Magnesium chloride officially refers only to the compound MgCl2, although in common usage the term \"magnesium chloride\" applies to the hydrates of magnesium chloride MgCl2(H2O)x as well. It's an ingredient in a variety of commercial products such as cement, paper and textiles, and is also used as a dietary supplement and de-icing agent. Magnesium chloride is mined from sea beds, and hydrated magnesium chloride is extracted from sea water.
Extract magnesium hydroxide from sea water. Add slaked lime (CA(OH2)) to sea water to the magnesium (Mg2+) ions to fall out of the solution as the precipitate magnesium hydroxide. The following equation shows this reaction: Mg2 + Ca(OH)2 ? Mg(OH)2 + Ca2+.
Convert the magnesium hydroxide obtained in Step 1 to magnesium chloride hydrates with hydrochloric acid (HCl). The following equation shows this reaction: Mg(OH)2 + 2 HCl ? MgCl2 + 2 H2O. This reaction is known as the \"Dow Process\" and is used on a commercial scale.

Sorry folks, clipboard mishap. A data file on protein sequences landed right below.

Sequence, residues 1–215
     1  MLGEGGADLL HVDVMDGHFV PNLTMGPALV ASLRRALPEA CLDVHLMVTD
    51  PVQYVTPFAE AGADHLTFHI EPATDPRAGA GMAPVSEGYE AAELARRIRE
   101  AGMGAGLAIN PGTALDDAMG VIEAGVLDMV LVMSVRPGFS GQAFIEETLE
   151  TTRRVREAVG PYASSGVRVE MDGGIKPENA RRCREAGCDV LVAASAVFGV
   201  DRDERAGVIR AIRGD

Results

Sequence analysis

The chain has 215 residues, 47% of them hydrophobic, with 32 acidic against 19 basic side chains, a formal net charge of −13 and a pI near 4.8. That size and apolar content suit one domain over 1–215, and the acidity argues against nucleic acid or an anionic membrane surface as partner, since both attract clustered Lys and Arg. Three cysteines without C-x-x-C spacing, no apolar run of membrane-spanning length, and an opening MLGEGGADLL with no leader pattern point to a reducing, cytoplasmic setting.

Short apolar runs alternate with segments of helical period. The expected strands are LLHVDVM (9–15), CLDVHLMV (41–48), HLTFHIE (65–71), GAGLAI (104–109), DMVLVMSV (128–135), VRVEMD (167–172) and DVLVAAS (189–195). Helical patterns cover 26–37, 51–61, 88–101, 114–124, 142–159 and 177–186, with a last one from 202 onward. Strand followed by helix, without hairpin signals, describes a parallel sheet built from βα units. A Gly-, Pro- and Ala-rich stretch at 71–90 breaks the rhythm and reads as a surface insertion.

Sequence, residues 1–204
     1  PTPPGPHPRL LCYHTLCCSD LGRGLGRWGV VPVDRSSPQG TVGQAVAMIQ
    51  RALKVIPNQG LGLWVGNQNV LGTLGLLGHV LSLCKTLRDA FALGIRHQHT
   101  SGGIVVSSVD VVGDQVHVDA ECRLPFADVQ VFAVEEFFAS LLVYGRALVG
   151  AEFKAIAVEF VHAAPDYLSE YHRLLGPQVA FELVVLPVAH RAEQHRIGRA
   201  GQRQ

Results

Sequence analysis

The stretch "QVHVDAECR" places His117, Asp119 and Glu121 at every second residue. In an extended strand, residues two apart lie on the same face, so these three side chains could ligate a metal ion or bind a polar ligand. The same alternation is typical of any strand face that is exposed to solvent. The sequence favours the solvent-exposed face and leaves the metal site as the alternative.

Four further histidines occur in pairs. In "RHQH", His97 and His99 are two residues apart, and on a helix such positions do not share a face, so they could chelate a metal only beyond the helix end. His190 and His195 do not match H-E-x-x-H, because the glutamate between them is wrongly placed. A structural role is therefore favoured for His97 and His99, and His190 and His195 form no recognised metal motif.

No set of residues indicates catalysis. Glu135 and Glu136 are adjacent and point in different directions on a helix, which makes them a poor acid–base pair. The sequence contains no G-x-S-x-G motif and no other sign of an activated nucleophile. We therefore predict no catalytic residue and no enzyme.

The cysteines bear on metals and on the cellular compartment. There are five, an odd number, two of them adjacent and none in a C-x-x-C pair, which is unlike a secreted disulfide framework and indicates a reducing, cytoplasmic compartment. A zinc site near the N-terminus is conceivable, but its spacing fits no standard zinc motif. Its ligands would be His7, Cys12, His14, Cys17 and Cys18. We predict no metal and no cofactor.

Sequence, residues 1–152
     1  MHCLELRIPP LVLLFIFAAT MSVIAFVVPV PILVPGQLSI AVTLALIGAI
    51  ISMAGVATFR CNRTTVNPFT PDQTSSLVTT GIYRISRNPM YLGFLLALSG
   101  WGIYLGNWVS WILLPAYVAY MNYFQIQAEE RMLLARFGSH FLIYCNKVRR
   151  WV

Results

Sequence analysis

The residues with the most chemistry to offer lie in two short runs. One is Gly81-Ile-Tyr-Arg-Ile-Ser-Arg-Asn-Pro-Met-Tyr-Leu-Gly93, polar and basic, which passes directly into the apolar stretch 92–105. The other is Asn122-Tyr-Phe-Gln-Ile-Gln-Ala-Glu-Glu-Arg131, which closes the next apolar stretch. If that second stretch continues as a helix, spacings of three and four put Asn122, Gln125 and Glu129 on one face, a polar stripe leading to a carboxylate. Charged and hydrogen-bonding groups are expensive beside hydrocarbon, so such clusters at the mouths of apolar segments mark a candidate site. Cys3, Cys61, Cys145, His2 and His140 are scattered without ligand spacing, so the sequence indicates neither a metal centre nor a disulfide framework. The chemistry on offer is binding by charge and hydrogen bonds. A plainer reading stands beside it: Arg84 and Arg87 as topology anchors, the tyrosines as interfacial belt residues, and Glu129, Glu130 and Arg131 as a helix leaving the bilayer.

Use HCl to convert magnesium carbonate (MgCO3) into MgCl. This method is useful because MgCO3 is a mineral that occurs in commercially useful quantities. The following equation shows this reaction: Mg(CO)3 + 2 HCl ? MgCl2 + CO2 + H20.
Make MgCl in the laboratory from Mg and HCl as follows: Mg + 2 HCl ? MgCl2 + H2. This reaction is a common laboratory experiment, but is far too inefficient to be commercially practical.
Prepare MgCl2 from magnesium sulfate (MgSO4) and table salt (NaCl). Heating a concentrated solution of these reagents and then cooling it rapidly will cause the following reaction to occur: MgSO4 + 2 NaCl ? MgCl2 + Na2S04.
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